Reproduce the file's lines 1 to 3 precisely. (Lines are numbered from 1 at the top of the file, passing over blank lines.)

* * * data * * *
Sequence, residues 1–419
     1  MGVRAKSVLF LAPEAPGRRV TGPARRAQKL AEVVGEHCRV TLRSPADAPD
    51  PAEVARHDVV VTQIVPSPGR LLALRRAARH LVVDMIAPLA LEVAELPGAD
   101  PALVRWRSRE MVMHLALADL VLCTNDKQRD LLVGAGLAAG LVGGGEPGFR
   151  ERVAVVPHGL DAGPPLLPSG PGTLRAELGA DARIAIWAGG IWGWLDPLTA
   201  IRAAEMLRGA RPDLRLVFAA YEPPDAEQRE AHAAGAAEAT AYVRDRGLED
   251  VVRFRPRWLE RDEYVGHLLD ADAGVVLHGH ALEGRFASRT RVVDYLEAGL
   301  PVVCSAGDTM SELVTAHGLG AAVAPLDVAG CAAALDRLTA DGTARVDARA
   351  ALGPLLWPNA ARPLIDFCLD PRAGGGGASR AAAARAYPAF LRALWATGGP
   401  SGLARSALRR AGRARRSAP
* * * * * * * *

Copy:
Sequence, residues 1–419
     1  MGVRAKSVLF LAPEAPGRRV TGPARRAQKL AEVVGEHCRV TLRSPADAPD
    51  PAEVARHDVV VTQIVPSPGR LLALRRAARH LVVDMIAPLA LEVAELPGAD